Summer fun turns tragic

What is it about long weekends that make British Columbians flirt with disaster and produce tragedy?

What is it about long weekends that make British Columbians flirt with disaster and produce tragedy? That one extra day that seems to supersize bad summer outcomes in the outdoors.

On Tuesday morning the desk at the BC Coroner’s office in Victoria was stacked high with files from another long weekend filled with fatal outcomes all across the province. Car accidents and drownings topped the list.

The chilling reality of the dangers that exist in the outdoors came horribly close to home on Saturday when a 64-year-old local man drowned in Kootenay River at a popular Marsden Road rock outcropping known as Coyote Point. On a gorgeous Kootenay summer afternoon, the lives of his family and friends have been forever changed by the tragedy. Our hearts go out to them in their time of grief.

As is the case when shocking situations unfold in our backyard, there are more questions than answers. Though the investigation into the Kootenay River drowning is continuing, it’s natural to wonder if there is anything that could have been done to prevent it from happening.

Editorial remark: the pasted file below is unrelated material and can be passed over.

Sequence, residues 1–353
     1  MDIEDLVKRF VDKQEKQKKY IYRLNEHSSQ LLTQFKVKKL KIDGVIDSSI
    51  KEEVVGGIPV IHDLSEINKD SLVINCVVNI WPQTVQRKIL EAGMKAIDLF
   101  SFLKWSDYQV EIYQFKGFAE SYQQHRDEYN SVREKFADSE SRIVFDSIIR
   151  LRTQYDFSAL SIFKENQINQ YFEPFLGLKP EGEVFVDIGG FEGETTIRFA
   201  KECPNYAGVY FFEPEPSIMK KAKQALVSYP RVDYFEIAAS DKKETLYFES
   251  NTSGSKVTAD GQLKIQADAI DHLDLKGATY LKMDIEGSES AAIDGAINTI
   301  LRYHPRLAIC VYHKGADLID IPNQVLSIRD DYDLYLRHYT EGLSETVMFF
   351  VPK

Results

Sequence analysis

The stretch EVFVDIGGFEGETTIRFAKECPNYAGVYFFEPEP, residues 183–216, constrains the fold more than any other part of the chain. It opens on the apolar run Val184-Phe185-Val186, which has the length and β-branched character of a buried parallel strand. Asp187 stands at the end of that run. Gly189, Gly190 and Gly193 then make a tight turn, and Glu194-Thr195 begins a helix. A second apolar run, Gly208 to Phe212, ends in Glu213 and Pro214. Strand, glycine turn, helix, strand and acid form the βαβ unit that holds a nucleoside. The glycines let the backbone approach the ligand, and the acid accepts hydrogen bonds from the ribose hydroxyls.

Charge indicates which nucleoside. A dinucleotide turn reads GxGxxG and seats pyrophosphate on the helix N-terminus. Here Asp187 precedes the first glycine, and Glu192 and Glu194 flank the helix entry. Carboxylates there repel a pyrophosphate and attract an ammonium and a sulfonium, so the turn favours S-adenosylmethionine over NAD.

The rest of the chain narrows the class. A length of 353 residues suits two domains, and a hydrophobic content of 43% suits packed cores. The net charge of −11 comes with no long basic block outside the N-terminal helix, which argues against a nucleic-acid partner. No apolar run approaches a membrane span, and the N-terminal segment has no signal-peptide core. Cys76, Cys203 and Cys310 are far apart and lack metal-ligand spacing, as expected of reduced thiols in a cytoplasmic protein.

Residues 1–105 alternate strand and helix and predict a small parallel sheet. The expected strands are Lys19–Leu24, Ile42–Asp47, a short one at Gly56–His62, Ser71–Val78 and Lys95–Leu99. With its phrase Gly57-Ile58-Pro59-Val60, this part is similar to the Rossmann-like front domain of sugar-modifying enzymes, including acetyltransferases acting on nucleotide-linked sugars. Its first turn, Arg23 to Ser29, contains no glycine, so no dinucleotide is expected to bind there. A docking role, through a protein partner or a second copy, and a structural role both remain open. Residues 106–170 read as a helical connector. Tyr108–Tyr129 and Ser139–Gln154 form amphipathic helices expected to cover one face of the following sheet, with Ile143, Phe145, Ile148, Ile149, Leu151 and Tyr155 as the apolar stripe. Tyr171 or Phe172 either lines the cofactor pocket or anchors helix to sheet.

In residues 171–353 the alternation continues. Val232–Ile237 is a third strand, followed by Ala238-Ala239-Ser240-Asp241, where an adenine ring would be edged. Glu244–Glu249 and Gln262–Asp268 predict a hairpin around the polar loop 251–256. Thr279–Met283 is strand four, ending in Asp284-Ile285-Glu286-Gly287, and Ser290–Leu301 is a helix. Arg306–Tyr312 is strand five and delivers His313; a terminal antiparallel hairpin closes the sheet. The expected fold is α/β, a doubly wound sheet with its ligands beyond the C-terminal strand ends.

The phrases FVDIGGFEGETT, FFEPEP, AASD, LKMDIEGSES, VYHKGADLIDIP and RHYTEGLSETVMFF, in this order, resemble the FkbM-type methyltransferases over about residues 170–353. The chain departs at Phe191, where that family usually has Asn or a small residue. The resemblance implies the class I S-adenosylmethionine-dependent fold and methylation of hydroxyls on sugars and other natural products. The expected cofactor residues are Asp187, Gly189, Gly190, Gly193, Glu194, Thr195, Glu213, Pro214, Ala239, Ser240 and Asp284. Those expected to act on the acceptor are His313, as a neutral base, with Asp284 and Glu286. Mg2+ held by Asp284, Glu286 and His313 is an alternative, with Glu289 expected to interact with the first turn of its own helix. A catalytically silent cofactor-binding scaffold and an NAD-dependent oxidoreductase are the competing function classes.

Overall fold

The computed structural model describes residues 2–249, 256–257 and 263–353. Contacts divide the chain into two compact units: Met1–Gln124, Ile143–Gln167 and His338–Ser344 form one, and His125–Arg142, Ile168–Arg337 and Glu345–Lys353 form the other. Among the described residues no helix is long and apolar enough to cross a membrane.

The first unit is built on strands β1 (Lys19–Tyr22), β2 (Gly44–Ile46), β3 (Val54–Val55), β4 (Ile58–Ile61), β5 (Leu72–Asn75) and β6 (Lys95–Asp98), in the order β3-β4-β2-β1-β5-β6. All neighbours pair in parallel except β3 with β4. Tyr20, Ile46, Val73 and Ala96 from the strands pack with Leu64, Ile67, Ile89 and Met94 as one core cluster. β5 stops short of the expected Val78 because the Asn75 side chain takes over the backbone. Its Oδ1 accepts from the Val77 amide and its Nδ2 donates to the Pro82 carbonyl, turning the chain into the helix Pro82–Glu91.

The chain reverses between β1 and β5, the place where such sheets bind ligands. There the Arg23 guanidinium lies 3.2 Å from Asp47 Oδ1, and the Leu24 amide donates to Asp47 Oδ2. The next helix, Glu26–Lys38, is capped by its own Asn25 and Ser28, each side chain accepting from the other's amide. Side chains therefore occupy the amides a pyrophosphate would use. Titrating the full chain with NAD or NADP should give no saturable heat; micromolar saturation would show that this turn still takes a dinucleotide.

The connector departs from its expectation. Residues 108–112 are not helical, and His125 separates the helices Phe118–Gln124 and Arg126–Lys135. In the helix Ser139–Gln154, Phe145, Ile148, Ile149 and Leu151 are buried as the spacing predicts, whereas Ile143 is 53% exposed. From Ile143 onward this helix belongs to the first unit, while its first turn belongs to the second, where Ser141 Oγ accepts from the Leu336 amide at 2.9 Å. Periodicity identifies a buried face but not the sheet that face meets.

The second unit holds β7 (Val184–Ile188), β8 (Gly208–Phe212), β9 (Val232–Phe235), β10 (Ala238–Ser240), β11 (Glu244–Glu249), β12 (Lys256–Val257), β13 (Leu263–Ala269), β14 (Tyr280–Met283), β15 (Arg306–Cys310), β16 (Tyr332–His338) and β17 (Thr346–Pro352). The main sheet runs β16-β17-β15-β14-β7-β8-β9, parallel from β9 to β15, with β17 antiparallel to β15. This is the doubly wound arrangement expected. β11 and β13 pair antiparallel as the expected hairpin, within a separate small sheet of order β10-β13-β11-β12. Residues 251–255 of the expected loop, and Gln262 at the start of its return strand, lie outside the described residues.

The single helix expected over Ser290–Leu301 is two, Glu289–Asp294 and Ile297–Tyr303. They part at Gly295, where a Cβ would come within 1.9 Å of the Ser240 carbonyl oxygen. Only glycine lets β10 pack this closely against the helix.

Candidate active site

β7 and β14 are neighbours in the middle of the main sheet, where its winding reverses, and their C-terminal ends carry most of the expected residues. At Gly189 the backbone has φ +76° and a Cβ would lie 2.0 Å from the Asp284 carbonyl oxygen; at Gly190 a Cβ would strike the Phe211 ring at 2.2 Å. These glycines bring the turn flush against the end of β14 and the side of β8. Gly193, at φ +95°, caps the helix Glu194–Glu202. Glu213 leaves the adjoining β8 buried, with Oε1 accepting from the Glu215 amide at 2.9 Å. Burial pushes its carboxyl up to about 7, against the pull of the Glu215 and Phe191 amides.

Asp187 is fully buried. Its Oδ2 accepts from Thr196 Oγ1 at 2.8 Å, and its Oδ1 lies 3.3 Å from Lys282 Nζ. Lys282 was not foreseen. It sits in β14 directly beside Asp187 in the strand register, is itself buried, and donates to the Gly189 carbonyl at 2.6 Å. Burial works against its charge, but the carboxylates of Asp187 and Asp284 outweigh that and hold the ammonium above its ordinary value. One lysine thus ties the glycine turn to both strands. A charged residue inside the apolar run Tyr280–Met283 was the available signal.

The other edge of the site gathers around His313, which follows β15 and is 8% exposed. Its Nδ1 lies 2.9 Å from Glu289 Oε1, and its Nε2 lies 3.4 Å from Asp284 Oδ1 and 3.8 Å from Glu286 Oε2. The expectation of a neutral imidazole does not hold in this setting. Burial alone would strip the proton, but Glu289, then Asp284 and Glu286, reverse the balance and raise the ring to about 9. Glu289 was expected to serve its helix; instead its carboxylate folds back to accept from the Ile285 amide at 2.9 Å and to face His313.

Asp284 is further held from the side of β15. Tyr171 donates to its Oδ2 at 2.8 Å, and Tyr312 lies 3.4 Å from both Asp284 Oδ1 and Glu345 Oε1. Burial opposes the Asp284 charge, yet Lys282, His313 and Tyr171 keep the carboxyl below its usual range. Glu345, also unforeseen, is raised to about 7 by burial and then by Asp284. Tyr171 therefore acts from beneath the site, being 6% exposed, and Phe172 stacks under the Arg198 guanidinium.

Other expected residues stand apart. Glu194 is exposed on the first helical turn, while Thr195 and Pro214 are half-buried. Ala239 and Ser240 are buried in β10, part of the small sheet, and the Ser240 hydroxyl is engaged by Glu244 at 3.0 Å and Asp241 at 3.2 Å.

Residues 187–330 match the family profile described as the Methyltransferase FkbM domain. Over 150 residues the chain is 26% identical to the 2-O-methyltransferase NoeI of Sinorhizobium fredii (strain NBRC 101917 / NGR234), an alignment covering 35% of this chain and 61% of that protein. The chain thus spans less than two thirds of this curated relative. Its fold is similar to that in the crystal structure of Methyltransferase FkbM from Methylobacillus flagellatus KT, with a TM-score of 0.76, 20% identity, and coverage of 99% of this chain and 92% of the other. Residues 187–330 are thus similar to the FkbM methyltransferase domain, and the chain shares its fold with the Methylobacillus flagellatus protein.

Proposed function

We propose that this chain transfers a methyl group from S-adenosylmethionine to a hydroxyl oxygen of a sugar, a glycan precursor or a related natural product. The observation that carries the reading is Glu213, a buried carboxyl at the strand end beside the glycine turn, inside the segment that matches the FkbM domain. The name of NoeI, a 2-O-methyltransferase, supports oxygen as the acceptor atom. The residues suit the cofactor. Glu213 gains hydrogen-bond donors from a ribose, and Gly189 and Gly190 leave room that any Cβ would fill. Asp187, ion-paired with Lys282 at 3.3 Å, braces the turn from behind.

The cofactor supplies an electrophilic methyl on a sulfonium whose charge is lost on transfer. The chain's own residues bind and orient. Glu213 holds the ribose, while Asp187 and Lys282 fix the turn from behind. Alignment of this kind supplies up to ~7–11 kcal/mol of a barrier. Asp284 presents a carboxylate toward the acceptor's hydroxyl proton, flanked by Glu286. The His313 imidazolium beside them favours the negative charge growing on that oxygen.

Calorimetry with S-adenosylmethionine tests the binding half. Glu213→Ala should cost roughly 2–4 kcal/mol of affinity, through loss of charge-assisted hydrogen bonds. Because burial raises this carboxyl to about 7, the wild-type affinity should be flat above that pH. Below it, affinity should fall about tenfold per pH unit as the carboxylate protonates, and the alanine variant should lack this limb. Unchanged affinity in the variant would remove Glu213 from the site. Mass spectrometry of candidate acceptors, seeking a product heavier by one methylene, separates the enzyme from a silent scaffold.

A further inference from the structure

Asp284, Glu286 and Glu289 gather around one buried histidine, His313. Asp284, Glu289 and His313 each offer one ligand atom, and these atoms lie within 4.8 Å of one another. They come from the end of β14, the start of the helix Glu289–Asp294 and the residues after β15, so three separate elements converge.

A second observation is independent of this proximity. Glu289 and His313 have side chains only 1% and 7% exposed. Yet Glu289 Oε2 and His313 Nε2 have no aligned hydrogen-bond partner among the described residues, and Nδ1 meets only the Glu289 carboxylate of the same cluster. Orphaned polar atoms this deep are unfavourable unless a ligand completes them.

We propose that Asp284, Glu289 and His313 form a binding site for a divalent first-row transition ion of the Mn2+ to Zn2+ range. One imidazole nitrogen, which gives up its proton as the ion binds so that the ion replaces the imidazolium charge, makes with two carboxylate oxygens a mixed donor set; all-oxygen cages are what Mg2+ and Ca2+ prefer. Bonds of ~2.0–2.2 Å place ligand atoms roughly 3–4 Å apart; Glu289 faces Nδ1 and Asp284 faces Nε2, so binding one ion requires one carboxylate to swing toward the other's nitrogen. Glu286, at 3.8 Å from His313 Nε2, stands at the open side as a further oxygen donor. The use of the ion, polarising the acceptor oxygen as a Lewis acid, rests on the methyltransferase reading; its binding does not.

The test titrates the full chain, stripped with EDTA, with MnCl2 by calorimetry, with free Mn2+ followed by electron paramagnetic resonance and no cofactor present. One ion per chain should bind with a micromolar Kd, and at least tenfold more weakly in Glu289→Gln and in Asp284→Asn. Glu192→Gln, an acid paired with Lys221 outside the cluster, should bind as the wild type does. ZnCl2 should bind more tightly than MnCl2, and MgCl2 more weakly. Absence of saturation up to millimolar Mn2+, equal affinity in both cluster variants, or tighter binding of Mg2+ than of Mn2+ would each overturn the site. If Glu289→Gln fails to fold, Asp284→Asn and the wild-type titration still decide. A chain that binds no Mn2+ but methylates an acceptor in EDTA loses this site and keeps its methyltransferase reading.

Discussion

Heading into the long weekend there were plenty of warnings from officials. Over the past five years in British Columbia there has been an average of 80 drownings a year. Given the high number of people expected to bask in the long weekend weather, the BC Coroners Service sent out messages through the media to be wary when enjoying the abundance of water sport opportunities in the province.

The reality is all the warnings in the world will never be able to prevent long weekend tragedy. It’s simply a matter of the sheer number of people enjoying the outdoors.

There is no answer or explanation that will help make the situation any easier to grasp. The best we can hope for is that folks continue to be cautious while basking in all the natural glory our area has to offer. Play smart, look out for your friends and never underestimate the dangers that exist in nature’s playground.